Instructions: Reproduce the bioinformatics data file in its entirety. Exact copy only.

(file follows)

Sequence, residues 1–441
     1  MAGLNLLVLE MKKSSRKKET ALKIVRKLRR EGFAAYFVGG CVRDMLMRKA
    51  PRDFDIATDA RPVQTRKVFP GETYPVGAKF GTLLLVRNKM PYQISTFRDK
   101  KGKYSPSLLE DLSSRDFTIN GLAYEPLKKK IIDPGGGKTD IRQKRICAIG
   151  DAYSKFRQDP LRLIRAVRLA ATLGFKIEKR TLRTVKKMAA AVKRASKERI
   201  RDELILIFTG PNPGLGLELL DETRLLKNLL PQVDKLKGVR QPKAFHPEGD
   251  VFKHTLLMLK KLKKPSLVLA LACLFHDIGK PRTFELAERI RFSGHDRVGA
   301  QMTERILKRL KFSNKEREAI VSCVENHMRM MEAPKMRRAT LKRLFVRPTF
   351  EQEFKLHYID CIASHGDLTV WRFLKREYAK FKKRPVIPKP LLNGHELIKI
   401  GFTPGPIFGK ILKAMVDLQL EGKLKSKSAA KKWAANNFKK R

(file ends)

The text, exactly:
Sequence, residues 1–441
     1  MAGLNLLVLE MKKSSRKKET ALKIVRKLRR EGFAAYFVGG CVRDMLMRKA
    51  PRDFDIATDA RPVQTRKVFP GETYPVGAKF GTLLLVRNKM PYQISTFRDK
   101  KGKYSPSLLE DLSSRDFTIN GLAYEPLKKK IIDPGGGKTD IRQKRICAIG
   151  DAYSKFRQDP LRLIRAVRLA ATLGFKIEKR TLRTVKKMAA AVKRASKERI
   201  RDELILIFTG PNPGLGLELL DETRLLKNLL PQVDKLKGVR QPKAFHPEGD
   251  VFKHTLLMLK KLKKPSLVLA LACLFHDIGK PRTFELAERI RFSGHDRVGA
   301  QMTERILKRL KFSNKEREAI VSCVENHMRM MEAPKMRRAT LKRLFVRPTF
   351  EQEFKLHYID CIASHGDLTV WRFLKREYAK FKKRPVIPKP LLNGHELIKI
   401  GFTPGPIFGK ILKAMVDLQL EGKLKSKSAA KKWAANNFKK R